The Trump White House has been obsessed with leaks. The possibility that Comey might brief the entirety of the intelligence committees, effectively ensuring more leaks, likely sent the Trump administration into a frenzy.

Senator Al Franken threw more gasoline on the fire in his exchange with Comey. Franken alluded to multiple ties between Trump and Russia and forced Comey to leave open the question as to whether Comey has seen Trump’s tax returns. The exchange went as follow:

Franken: Yes. Well, in order for us to know for certain whether President Trump would be vulnerable to that type of exploitation, we would have to understand his financial situation. We’d have to know whether or not he has money tied up in Russia, or obligations to Russian entities. Do you agree?

Comey: That you would need to understand that to evaluate that question? I don’t know.

Franken: Well, it seems to me that there is reason to believe such connections exist. For example, the President’s son, Donald Trump Jr., told real estate developers in 2008 that quote, “Russians make up a pretty disproportionate cross section of a lot of our assets.” He said quote, “we see a lot of money pouring in Russia.” This is a report on the family business.

In 2013 President Trump held the Ms. Universe pageant in Moscow. And the pageant was financed by a Russian billionaire who is close to Putin. And President Trump sold a Palm Beach mansion to a Russian oligarch for $95 million in 2008. That’s $54 million more than he paid for it just four years prior. Those are three financial ties that we know of and they’re big ones.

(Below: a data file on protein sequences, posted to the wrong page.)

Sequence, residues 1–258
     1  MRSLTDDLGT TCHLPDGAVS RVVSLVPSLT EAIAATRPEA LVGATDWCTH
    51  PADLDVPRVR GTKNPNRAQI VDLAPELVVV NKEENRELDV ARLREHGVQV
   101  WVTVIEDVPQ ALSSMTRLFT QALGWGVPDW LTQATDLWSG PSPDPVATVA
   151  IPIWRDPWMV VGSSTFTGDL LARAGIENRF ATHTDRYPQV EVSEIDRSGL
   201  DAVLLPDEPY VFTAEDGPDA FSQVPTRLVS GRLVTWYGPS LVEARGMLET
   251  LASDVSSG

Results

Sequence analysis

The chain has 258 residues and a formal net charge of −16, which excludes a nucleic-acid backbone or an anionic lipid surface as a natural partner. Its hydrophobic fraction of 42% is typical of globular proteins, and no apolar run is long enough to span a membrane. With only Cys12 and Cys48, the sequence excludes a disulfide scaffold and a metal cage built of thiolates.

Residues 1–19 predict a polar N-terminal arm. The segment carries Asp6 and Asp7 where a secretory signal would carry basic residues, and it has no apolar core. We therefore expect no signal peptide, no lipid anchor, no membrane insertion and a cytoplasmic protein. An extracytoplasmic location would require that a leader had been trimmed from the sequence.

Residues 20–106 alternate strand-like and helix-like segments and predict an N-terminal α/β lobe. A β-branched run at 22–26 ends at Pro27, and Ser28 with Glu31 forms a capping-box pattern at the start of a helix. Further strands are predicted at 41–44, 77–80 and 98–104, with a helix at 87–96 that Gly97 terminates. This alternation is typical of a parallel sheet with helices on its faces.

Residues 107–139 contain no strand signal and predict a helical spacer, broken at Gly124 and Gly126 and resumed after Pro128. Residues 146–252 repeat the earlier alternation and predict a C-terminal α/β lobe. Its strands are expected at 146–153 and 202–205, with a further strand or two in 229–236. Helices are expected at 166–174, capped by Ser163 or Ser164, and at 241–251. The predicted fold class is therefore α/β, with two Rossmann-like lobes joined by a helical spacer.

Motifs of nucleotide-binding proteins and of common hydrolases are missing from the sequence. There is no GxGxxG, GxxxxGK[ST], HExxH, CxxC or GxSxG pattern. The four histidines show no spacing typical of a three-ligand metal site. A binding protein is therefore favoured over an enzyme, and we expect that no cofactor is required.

Director Comey, the Russians have a history of using financial investments to gain leverage over influential people and then later calling in favors. We know that. We know that the Russians interfered in our election and they did it to benefit President Trump. The intelligence agencies confirmed that.

But what I want to know is why they favored President Trump. And it seems to me that in order to answer that question, any investigation into whether the Trump campaign or Trump operation colluded with Russian operatives would require a full appreciation of the President’s financial dealings.

Director Comey, would President Trump’s tax returns be material to such an investigation?

Comey: That’s not something Senator that I’m going to answer.

Franken: Does the investigation have access to President Trump’s tax returns?

Comey: I’m going to have to give you the same answer. Again, I hope people don’t over interpret my answers, but I just don’t want to start talking about anything — what we’re looking at and how.

Less than a week later, Comey was out of a job.

IMF Report: U.S. Corporate Debt Could Be Trump’s Waterloo

IMF Warns on Risks In U.S. Corporate Debt Market

IMF Warns on Risks In U.S. Corporate Debt Market

By Pam Martens and Russ Martens: May 9, 2017

As U.S. equity markets continue to price to perfection a grab bag of promised corporate giveaways from their Best Forever Friend, President Donald Trump, a group of researchers at the International Monetary Fund (IMF) had the temerity to ask last month – what could possibly go wrong.

In their April 2017 “Global Financial Stability Report,” IMF researchers methodically pare back the rosy lenses of the U.S. equity market and focus on the warning signs in the U.S. corporate debt market. Two particular findings have the power to potentially jolt the equity markets out of their euphoric stupor. The researchers note:

“The [U.S.] corporate sector has tended to favor debt financing, with $7.8 trillion in debt and other liabilities added since 2010…” [Italics added.]